Slow population growth adds to concerns of worker shortages in Iowa


Nicole Crain, vice president of government relations for the Iowa Association of Business and Industry. (The Gazette)

As Iowa employers struggle to find people to fill jobs, the state’s long-term demographic trends are not encouraging, executives from two business groups across the state said on Tuesday. ‘State to a state panel.

“Every manufacturer we talk to, whether it’s in Waverly, Waterloo or Clarinda, says I can hire 40 people tomorrow,” Nicole Crain of the Iowa Association of Business and Industry told the Empower Rural task force. Iowa.

Joe Murphy, Executive Director, Iowa Business Council (website 2021)

It’s not just an Iowa problem. A Stateline news service analysis of federal statistics for August, the latest available, found 42 states with more jobs available than people looking for work. In Iowa, there are 1.4 job vacancies for every unemployed person, according to Stateline’s analysis.

The problem is unlikely to go away anytime soon due to Iowa’s weak population growth, added Joe Murphy of the Iowa Business Council, which represents some of Iowa’s largest employers with a combined annual payroll of nearly of $ 9 billion.

“A healthy state is a growing state,” he said. However, the 2020 census showed that the population of Iowa grew by about 4.7% from the national rate of 8%. The five-year rate of change in Iowa’s population is an “anemic” 1%.

“This is a very concerning figure for us as we think about the future of the workforce and economic development,” Murphy told the panel, which is chaired by Iowa Lt. Gov. Adam. Gregg.

Right now, Murphy said, more people are leaving Iowa than entering the state. This is one of the reasons the Business Council is focusing on federal immigration reform.

“We truly believe that the key to success for all of us is to promote reasonable efforts at immigration reform and modernization,” Murphy said. “We know and many of your rural communities have adopted legal immigration as a path forward for economic development. “

ABI, which has 1,500 member companies with locations in all 99 counties of Iowa, works to help employers reach immigrants and refugees from Afghanistan and beyond, Crain said.

To attract more people to Iowa and keep them here, Murphy and Crain urged the panel to address the needs for better broadband connectivity, childcare resources and workforce housing. artwork.

The Business Council believes housing can be an economic catalyst for growth, Murphy said. “Finding ways to increase this population density – not just in urban centers – is key to our long-term growth strategies. “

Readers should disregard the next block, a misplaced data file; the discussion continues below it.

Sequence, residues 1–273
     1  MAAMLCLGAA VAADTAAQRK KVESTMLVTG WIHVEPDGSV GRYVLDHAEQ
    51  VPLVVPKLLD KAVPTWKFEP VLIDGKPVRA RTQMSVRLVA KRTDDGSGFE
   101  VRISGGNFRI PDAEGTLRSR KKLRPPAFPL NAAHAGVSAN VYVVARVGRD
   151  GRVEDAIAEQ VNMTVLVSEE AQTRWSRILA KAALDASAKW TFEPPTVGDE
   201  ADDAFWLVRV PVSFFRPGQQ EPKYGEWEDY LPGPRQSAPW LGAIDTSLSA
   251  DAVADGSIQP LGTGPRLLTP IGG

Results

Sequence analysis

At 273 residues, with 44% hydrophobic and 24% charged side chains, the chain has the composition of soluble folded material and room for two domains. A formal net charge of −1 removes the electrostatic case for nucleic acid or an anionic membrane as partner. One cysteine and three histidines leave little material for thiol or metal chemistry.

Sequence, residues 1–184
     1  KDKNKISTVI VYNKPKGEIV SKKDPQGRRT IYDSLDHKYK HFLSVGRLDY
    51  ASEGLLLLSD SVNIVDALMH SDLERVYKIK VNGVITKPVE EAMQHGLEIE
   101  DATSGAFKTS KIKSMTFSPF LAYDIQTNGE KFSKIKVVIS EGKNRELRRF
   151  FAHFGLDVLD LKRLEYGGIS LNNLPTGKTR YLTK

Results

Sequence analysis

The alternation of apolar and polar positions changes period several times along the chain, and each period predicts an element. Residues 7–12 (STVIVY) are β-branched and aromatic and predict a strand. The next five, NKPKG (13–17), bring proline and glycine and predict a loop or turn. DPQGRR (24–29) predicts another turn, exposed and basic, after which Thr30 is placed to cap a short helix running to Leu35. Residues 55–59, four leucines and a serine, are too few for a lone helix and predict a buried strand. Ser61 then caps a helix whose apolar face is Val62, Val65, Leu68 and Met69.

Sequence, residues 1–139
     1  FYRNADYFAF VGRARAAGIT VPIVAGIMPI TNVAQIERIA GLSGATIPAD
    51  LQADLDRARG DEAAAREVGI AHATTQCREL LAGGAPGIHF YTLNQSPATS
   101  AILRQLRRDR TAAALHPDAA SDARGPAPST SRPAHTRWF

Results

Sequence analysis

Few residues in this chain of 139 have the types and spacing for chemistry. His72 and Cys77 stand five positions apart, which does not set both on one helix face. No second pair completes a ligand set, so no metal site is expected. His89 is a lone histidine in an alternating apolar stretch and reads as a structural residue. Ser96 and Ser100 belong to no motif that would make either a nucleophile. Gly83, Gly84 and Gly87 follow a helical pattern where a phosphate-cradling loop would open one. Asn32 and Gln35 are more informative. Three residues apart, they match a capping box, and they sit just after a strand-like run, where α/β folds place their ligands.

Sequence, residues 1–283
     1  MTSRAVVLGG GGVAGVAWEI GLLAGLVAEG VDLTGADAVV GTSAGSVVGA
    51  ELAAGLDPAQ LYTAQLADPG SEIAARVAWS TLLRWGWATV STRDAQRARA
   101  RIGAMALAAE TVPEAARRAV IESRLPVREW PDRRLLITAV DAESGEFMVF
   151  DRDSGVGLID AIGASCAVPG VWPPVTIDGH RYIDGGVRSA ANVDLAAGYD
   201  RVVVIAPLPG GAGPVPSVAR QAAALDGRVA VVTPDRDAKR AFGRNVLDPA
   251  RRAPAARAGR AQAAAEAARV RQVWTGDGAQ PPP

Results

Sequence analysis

In its marketing to draw people to Iowa, Murphy said, the council has focused on safe neighborhoods, strong schools, and little or no commute time to work.

“Living in Iowa is easy compared to a lot of other expensive places,” Murphy said. “It’s the state in which you can live the life you’ve always dreamed of living… the cost of living, affordable housing, ease of entry into the workforce, ease of entry into community projects. This is where we can really make a name for you.

State-initiated programs help Iowa businesses and communities, according to Crain. Noting that Iowa has the highest percentage of working women and two-parent households in the workforce, she said state resources have helped create successful child care programs in conjunction with employers. .

She also highlighted the impact the Manufacturing 4.0 initiative can have in attracting skilled workers and retaining Iowa businesses that might consider relocating if they fail to fill positions. The technology-focused initiative and grants are helping businesses in Bremer and Jackson counties consider implementing robotics, upgrading employee skills, and staying in rural Iowa.

Modernizing manufacturing processes “also helps our manufacturers realize their economic potential,” said Gregg, “because rather than having unfilled jobs, we have the ability to automate some of these processes.”

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